• What are you building next?
  • What are you not going to build?

There is no secret way to make to make it easier but there are some techniques that can help.

The most important thing to realize is that when you are gathering data, you are completely bias. You are going to look for data to help support your cause whether you realize it or not. Even when you run into data that points to a contrary decision, you are more than likely to ignore it.

From the book Decisive by Chip and Dan Heath,

Researchers have found this result again and again. When people have the opportunity to collect information from the world, they are more likely to select information that supports their preexisting attitudes, beliefs, and actions.

and to support the point,

In reviewing more than 91 studies of over 8,000 participants, the researchers concluded that we are more than twice as likely to favor confirming information than disconfirming information. (So, scientifically speaking, you’d probably read twice as many four-star reviews as two-star reviews.

Your best bet is to realize that this is human nature and to look for ways to counter it. The Heath brothers have put together several techniques to help – widening your options, reality testing, attaining distance, and preparing to be wrong, You can find a nice summary here (email reg required).

Dear Product Managers, You Can’t Have it All


I love this cartoon from Hugh MacLeod (GapingVoid). It is so simple but at the same time, so powerful.

There are lots of ways you could interpret this message but I have been thinking about it in the context of product development.

More often than not, you don’t have the time or resources to tackle everything. This means as a product manager, you have to make some tough choices of what not to do.

Great products (and companies) intentionally leave out features that some customers find unacceptable. While this means that some customers won’t buy their product, it means they can focus more on the ones that will.

I also ran across another example that I think really highlights the point of intentionally making decisions not to do something. Doc Searls’s new book, the Intention Economy, has a great overview on the grocery chain Trader Joe’s (a company that has been historically very private about its operating strategy).

Here are some of the things that Trader Joe’s says no to:

  • No ads, sales, loyalty cards, etc. No gimmicks.
  • No trade shows. They don’t chase the latest fashions.
  • No muscling suppliers. Instead they partner to offer the best product at the best price.

Most importantly they say no to selling a lot of products. They don’t try and sell every type of food item. They don’t sell electronics. They don’t sell toys. They just focus on selling “innovative, hard-to-find, great-tasting foods.

Trader Joe’s have consciously made the decision to try to not sell everything under the sun. This allows them focus on adding “unconventional and interesting” products that keep customers delighted and coming back for more.

Stick with Hugh’s advice and pick your sliver well, my friend and your customers will reward you.


Cartoon Credit:  GapingVoid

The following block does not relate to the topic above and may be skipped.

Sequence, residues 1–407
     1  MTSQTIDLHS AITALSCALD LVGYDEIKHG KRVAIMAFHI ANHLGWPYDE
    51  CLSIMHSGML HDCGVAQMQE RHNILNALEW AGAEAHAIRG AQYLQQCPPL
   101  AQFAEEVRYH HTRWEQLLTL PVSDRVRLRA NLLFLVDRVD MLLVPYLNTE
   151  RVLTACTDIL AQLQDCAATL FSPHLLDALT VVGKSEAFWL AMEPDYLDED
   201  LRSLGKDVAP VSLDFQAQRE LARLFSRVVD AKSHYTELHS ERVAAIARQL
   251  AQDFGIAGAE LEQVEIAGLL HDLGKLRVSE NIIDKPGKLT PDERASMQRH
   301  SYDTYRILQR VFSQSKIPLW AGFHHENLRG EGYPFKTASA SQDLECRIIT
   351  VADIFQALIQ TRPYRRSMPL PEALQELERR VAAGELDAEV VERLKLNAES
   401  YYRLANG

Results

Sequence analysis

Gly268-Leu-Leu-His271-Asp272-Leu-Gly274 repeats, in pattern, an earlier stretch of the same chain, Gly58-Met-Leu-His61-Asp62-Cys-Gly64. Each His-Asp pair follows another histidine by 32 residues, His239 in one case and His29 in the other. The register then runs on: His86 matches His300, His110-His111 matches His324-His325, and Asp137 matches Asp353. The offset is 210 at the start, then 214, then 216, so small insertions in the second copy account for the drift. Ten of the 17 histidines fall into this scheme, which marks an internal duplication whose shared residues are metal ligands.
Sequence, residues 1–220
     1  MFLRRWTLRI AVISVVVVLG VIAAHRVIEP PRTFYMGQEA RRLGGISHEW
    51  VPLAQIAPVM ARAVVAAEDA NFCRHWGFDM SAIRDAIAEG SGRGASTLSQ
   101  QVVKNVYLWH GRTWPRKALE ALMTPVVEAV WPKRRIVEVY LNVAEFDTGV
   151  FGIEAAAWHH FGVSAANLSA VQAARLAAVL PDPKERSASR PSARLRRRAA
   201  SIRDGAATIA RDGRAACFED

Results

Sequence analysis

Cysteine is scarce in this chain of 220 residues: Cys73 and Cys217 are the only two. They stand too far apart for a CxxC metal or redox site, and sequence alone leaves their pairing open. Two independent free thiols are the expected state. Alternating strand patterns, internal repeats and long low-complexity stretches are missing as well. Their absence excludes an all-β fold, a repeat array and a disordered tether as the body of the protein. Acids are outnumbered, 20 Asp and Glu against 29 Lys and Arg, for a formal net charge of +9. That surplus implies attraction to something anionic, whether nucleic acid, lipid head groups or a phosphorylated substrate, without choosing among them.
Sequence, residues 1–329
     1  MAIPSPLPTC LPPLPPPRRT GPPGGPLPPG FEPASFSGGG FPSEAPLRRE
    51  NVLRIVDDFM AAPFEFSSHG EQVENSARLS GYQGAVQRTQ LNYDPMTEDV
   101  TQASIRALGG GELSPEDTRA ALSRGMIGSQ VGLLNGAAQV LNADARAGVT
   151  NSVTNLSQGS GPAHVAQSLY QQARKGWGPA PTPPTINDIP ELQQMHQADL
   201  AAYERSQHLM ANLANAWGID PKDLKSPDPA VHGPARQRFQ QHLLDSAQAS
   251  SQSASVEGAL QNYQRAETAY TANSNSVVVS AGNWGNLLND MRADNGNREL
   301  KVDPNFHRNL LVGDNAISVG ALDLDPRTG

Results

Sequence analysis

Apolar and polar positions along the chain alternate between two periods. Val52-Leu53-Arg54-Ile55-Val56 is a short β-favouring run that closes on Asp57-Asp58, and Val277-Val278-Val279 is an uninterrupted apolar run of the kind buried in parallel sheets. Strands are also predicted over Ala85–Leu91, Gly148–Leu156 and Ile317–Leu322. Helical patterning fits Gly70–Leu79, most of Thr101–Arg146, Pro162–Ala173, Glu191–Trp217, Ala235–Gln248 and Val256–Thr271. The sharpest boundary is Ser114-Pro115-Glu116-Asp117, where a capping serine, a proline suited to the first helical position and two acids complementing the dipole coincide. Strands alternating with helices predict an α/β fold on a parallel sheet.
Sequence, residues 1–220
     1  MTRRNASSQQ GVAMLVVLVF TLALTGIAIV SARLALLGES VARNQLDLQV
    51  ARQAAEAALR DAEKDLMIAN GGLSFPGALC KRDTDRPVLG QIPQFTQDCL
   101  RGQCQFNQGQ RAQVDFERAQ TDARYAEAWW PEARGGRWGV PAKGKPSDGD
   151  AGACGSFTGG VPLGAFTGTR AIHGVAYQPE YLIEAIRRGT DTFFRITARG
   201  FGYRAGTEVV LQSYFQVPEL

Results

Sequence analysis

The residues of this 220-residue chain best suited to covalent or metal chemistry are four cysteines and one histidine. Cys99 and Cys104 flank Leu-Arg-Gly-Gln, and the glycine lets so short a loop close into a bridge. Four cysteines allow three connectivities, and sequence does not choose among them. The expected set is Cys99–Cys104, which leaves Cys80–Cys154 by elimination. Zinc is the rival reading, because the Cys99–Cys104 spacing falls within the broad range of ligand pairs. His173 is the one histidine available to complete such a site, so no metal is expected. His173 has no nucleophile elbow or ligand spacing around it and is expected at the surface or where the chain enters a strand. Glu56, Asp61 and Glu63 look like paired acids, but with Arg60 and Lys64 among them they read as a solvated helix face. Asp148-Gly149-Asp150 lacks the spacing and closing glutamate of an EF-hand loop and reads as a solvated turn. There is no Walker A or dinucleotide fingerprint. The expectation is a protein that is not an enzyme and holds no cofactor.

The Process of Finding Breakaway Ideas

the idea hunter If your goal is to come up with something new, be it for an existing product or a new to the world innovation, you are going to need a list of ideas to work with. The question is, how does one come with an idea in the first place?

According to the the book, The Idea Hunter, if you are waiting for a time to start looking for ideas, you are too late.

 “BREAKAWAY IDEAS COME TO those who are in the habit of looking for them” – The Idea Hunter

While this sounds like a simple approach, the challenge is in the implementation. Just because you are blocking time on your calendar to “brainstorm” doesn’t mean ideas will be waiting for you to show up.

Finding new ideas begins with the discipline of intentionally looking for ideas all the time. We are often so busy running from meeting to meeting and project to project that we miss opportunities to digest information that could produce the next big idea.

To hep prepare you for becoming an idea hunter, the books covers 4 principles that will help improve your ability to find ideas  – Interested, Diverse, Exercised, and Agile. Additionally, the book continues on with some techniques on how to make sure you get the most out of the ideas you find through prioritization and implementation.

“Albert Einstein once made the disarming comment, “I have no special talents. I am only passionately curious.” – The Idea Hunter

Overall, I would say the book was a good read and left you thinking more about how to make idea hunting part of your daily routine. I also like how there was a focus on what comes next after finding that next great idea.

Remember – ideas without execution are hobbies!

Check it out!

8 Reasons to Like Likeonomics

I like Likeonomics and I think you will too. What is Likeonomics?

Likeonomics is a book by Rohit Bhargava about being likeable and everything that goes into it (Rohit also wrote the book Personality Not Included which I would highly recommend).

Likeonomics is based on the simple idea that, “People buy from people they like”. I wasn’t kidding when I said it was a simple idea.

In the book, Rohit breaks down what goes into being likable – truth, relevance, unselfishness, simplicity and timing. The idea being that if you can understand what makes a company more likable than others, you can try to apply to your situation.